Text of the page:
Game Description: When Mario decides to open a toy factory, his old enemy Donkey Kong shows up on the scene to sabotage the business. The old grudge has started up again—help Mario pursue Donkey Kong and retrieve the stolen toys, while avoiding the dangers of a factory!
He'll never win, of course. There's something cruelly ironic about that "versus" in the title. After all, if Mario ever really vanquished any of his enemies, he'd only have appeared in about three or four games. Which is why Nintendo, realizing that such an ill-fated prophecy would be better suited to the character than the company, have constantly reset the battle lines for every outing in the beleaguered plumber's 23-year career. Hence, as usual, this is no fair fight: Mario remains the underdog and Donkey Kong remains, well, king Kong.
And the history is important here. Mario vs. Donkey Kong is a puzzle-platform game based directly upon the original GameBoy's classic Donkey Kong '94, which was itself an ingenious take on the original Donkey Kong arcade game from way back in 1981. The gameplay? Chase Donkey Kong through a seemingly endless procession of spatial and switch-based puzzles, making use of Mario's inimitable acrobatic prowess. What's new? Well, Mario has managed to get his name in the title this time around. And it shows.
From the rounded, shiny character models to the saccharine color-coating of every generic environment, this is a typical 21st century Mario product. No longer the mute "Jumpman" of the original, our hero now has a proper name, a detailed appearance, and a fully-fledged cod-Italian voice that incessantly chirps out his favourite catchphrases. Even Donkey Kong, having taken centre stage in his own platform adventures 10 years ago, has his own repertoire of comedy pratfalls and sound effects. Why do I mention all of this? Because it's remarkable that such thick, impenetrably American gloss does not ruin the title. Mercifully, the game underpinning Mario vs. Donkey Kong's schmaltzy exterior is a distinctly old-school experience of touching simplicity and integrity.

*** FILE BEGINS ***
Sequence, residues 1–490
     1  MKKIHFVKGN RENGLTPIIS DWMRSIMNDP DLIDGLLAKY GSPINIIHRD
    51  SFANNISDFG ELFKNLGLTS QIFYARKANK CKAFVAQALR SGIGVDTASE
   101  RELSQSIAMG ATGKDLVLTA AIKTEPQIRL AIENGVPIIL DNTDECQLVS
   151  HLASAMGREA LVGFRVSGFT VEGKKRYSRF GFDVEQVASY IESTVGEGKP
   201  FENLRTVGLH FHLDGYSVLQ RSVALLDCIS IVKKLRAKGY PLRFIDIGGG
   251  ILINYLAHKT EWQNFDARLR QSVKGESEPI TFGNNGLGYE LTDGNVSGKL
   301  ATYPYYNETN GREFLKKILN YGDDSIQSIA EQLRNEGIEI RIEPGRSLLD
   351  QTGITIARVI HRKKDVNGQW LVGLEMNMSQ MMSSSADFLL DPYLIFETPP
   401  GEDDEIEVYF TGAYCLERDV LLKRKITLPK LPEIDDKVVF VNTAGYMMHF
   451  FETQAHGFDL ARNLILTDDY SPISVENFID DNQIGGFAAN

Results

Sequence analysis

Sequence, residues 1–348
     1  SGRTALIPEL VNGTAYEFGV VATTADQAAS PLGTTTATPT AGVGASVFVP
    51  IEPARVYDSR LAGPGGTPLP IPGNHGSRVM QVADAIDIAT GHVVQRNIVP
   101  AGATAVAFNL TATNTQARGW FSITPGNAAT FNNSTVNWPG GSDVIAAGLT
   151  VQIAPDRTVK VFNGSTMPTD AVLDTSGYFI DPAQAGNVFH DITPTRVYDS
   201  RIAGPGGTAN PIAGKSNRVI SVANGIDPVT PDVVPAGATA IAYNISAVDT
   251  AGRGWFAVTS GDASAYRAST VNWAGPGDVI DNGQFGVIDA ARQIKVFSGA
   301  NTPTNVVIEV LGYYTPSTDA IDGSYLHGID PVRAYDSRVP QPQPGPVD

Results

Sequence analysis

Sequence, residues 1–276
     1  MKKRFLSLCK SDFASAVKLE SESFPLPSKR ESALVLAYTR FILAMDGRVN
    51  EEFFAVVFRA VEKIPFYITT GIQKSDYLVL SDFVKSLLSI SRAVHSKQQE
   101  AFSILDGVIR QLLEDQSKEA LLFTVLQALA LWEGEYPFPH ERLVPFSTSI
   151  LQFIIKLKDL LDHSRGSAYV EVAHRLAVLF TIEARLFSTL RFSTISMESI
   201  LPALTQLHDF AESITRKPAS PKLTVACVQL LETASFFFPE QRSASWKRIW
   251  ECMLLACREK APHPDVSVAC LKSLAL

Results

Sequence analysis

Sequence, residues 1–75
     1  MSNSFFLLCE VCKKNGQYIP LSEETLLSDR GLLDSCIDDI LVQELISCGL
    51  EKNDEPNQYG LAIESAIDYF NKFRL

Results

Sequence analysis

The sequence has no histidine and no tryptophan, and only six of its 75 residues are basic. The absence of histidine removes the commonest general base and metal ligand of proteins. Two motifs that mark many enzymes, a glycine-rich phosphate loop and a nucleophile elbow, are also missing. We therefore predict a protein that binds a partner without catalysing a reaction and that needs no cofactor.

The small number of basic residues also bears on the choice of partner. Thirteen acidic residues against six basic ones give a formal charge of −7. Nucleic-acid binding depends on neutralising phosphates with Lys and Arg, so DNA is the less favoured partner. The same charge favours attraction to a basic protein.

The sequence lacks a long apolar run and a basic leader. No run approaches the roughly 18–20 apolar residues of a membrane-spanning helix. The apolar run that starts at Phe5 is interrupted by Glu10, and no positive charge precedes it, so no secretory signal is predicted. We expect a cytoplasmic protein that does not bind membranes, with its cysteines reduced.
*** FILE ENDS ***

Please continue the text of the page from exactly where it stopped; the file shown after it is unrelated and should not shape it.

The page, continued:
Again, as in DK '94, a set of oh-so-simple moves and rules combine with such coherency and common sense that the emphasis is placed almost entirely on the quality, variety and ingenuity of the first-rate level design. Few developers dare to do this, and instead try to fob us off with gimmicky ideas under the guise of "innovations." Nintendo, on the other hand, rarely innovates until they've got the basics truly mastered. M vs. DK is a celebration of that mastery, and it's hugely satisfying.
The ability to freeze time while scanning the level layout is an excellent feature, allowing the player to plan ahead and appreciate the strategic side of these spatial conundrums. However, the correct path through each level is a little more obvious and straightforward than in the GameBoy original, so planning your progress now takes more of a back seat to time-pressed platform expertise. Not that this necessarily makes it a lesser game. In fact, Mario vs. Donkey Kong arguably boasts an even stronger all-around structure than before. Not only do the uniform stage-sizes and auto-save function make the game a wonderfully digestible pick-up-and-play experience, but the level design itself benefits from greater variety.
Standard levels consist (as before) of collecting a key and using it to unlock the door through which Donkey Kong has escaped. However, as a refreshing alternative to this already proven formula, every other level asks the player to simply rescue a stranded baby Mario toy. By comparison, these levels are pleasantly direct, and usually demand slightly more physical dexterity than they do puzzle-solving acumen. They also set up the ingenious, Lemmings-style levels that pre-figure the final boss encounter of each stage, in which Mario must safely guide the toys he has freed back to their toy box (each saved mini-Mario then affords our hero one life in the imminent boss encounter). It's a little derivative perhaps, but brilliantly implemented nonetheless. And that pretty much sums up the entire game.